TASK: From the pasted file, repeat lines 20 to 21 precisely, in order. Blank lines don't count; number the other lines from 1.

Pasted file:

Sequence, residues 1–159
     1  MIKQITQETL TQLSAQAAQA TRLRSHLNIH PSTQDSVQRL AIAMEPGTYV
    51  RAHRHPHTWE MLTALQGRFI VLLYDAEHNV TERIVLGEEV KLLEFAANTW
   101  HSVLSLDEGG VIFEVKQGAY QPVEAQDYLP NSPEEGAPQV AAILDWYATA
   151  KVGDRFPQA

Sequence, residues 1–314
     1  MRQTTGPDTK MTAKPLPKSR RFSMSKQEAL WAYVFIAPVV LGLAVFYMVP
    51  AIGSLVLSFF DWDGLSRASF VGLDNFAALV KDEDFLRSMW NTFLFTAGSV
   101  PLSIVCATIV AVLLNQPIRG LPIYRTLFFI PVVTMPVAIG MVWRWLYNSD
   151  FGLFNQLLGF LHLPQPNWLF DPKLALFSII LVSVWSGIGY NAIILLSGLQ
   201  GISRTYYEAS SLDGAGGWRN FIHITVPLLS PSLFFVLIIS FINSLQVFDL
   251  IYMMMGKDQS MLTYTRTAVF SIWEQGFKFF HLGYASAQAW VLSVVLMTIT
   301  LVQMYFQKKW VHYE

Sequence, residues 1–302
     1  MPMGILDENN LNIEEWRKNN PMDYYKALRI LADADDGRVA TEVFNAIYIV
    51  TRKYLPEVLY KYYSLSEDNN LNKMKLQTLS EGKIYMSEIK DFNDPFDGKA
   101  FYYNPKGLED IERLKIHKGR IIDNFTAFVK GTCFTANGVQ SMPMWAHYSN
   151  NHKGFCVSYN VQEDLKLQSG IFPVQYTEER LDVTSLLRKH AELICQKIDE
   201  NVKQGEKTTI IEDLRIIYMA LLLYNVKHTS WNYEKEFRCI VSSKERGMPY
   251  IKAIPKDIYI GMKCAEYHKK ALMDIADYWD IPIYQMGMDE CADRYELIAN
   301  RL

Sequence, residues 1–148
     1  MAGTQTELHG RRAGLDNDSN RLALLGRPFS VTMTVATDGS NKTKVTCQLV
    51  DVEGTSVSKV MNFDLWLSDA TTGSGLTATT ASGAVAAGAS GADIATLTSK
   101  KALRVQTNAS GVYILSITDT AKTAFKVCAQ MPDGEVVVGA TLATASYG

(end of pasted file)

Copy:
   251  IKAIPKDIYI GMKCAEYHKK ALMDIADYWD IPIYQMGMDE CADRYELIAN
   301  RL